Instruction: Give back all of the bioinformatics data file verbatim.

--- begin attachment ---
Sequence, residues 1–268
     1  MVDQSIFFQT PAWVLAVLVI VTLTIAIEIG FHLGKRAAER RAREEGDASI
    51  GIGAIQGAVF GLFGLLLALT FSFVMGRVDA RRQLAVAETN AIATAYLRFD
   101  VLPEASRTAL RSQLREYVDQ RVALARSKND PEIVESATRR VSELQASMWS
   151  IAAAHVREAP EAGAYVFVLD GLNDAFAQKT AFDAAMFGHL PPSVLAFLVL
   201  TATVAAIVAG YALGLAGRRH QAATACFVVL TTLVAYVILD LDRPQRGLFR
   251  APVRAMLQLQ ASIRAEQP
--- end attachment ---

Sequence, residues 1–268
     1  MVDQSIFFQT PAWVLAVLVI VTLTIAIEIG FHLGKRAAER RAREEGDASI
    51  GIGAIQGAVF GLFGLLLALT FSFVMGRVDA RRQLAVAETN AIATAYLRFD
   101  VLPEASRTAL RSQLREYVDQ RVALARSKND PEIVESATRR VSELQASMWS
   151  IAAAHVREAP EAGAYVFVLD GLNDAFAQKT AFDAAMFGHL PPSVLAFLVL
   201  TATVAAIVAG YALGLAGRRH QAATACFVVL TTLVAYVILD LDRPQRGLFR
   251  APVRAMLQLQ ASIRAEQP